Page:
And again, we find to sene, riming with grene, A 1035. And yet again, to bene, Rom. Rose, 1265. It is impossible to respect arguments which derive all their apparent force from the principle of heaping one mistake upon another.

§ 47. It is tedious to reply to special pleading of this kind. Thus, at p. 72, I am quoted, correctly, as objecting to the false rime in R. Rose, 1981, where the acc. pl. feet is made to pair with the infinitive lete. And we are told that 'the force of this example is altogether impaired by the fact that in the Man of Lawes Tale (B 1104) the same plural rimes with the infin. mete.' So far from impairing my argument, the 'fact' strengthens it immensely; for, in that passage, we have no longer to do with the acc. feet, but with the dative plural in the phrase to fet-e, answering to the A.S. phrase to fōtum, which just makes all the difference. Correctly, it should be to fōte; but the ē was, by this time, so strongly associated with the plural use, that to fēte took its place.

We see that the e was sounded, because there is a third riming word, in the phrase in the strete. Stratmann's Dictionary duly notes this very passage. It is, however, true that Chaucer is not always consistent about this; he has under fete, riming with swete, Book of the Duchess, 399; in a strete, riming with on my fete, HF. 1049; but in the Cant. Tales, we find at his feet, A 2047; al about hir feet, A 2075; unto his beddes feet, A 4213. The one thing which he does not do is to use fete in the accusative, which is precisely what the author of Fragment B of the Romaunt does; unless, as is more likely, he drops the -e of the infin. lete, which Chaucer invariably keeps (at any rate when final). We can easily understand the suppression of a final e; but it is difficult to understand why a writer should invent one.

Once more, when I argue that the rime of entente with the adj. present in R. Rose, 5869, does not accord with Chaucer's usage, the reply is made (p. 72) that entent rimes with the pp. shent in the Man of Lawes Tale (B 930). But it is clear that Chaucer here has entente as usual, and rimes it with the form shent-e, which is the pp. treated as a plural adjective; as in several other places.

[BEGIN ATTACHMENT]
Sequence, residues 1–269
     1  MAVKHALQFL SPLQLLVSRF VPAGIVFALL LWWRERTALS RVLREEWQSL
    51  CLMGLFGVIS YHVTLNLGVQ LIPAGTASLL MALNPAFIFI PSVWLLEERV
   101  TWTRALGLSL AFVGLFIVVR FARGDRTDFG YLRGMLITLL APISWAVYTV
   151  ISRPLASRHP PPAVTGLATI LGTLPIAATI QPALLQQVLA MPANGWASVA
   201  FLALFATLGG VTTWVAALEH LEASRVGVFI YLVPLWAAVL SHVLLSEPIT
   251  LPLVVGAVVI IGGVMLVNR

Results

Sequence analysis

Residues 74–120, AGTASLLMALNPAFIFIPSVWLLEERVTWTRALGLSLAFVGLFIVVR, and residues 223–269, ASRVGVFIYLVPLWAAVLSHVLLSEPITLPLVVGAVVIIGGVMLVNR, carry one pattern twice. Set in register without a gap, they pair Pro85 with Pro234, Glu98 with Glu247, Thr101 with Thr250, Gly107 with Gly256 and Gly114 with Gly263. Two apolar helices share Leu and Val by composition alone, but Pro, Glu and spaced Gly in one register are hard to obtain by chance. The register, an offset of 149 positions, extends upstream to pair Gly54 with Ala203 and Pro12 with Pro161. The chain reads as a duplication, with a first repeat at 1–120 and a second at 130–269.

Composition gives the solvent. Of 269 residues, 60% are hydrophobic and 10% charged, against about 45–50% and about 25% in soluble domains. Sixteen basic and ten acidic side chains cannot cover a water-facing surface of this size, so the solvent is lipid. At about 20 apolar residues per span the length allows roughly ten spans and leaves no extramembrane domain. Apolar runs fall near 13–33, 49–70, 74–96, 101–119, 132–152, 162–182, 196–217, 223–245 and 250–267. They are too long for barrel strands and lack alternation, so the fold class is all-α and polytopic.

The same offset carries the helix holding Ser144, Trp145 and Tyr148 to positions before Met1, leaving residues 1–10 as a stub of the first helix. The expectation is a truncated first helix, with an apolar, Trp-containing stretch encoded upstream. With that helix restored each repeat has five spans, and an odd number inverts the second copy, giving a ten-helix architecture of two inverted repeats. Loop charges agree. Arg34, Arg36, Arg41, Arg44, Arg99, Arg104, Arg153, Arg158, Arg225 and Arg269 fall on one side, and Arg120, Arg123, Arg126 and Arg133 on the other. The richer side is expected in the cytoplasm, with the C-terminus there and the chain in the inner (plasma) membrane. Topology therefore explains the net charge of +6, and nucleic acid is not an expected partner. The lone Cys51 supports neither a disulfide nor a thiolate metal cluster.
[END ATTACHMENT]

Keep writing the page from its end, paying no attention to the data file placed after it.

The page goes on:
Next (on p. 72), Gower is rated for riming the prep. for with the pp. forlore; Gower, C.A. ii. 239. But Gower's phrase is 'that thou art comen fore'; and I suspect that he knew the language of his own time. The fore may answer to the A.S. fore, on account of (Grein, i. 320); or, more probably, that ... fore was taken as the equivalent of therfore, which constantly takes the final e, as in Chaucer, E 1141.

On p. 72, again, it is said that, in F 1273, Chaucer rimes the pt. t. broght-e with nought, i.e. he uses the incorrect form broght. This charge, for once, is quite true, and it is as well to say at once, that Chaucer's rimes are not quite immaculate; but his sins of this description are not, after all, very numerous, and not by any means so numerous as Prof. Lounsbury, for the purpose of his argument, would have us believe. The only right method is to make out a fair list, without straining to make it much worse than it should be.

§ 48. In his Studies, vol. i. pp. 402-5, Prof. Lounsbury makes another attack upon the unfortunate poet's rimes. Many of his instances are wrong; so much so, that four of Chaucer's supposed errors and two of Gower's are admitted to be no errors in vol. iii. 453. It would have been well if all the rest of the charges had been withdrawn at the same time. I here draw attention to them accordingly.

'In Parl. Foules, 121, the preterite broughte rymes with the pp. wrought.' Answer; the rimes are: broght-e, y-wroght-e, thoght-e; the form y-wroghte occurs in the phrase 'with lettres large y-wroghte,' where y-wroghte is treated as a plural adjective; and there is no error at all.

'In Troilus, i. 463, the pp. fled rymes with the preterite bredde.' As before, the phrase is: 'Alle othere dredes weren from him fledde.' Here fledde is treated as a plural adjective, and there is no error at all. One would have thought that Chaucer knew something of the language of his time.

'In Troilus, ii. 1079, the pp. excused [rimes] with the preterite accusede.' But the preterite of accusen was accused; the addition of the full suffix -ede is rare, and chiefly confined to monosyllabic roots.

'In Troil. iv. 1422, the pp. sprad [rimes] with the preterite hadde' The line ends, 'with herte and eres spradde'; where spradde is treated as a plural adjective. No error.

'In Troil. v. 1758, the preterite mette [rimes] with the pp. whet.' It is the same story; the phrase is 'hir speres weren whette.' No error.

'In the Legend, 786, the preterite heryede rymes with the pp. beryed.' As the usual preterite was heryed (hér-y-ed-e being too cumbrous and almost unpronounceable), there is no error.

'In the Legend, 2384, the pp. served [rimes] with the preterite deservede' But the preterite was deserved. The full ending -ede was seldom added to roots of more than one syllable, least of all when the verb happened to be of French origin. By ignoring the habits of the language of Chaucer's time, such objections might have been largely multiplied; it is surprising to find that so few have been noted.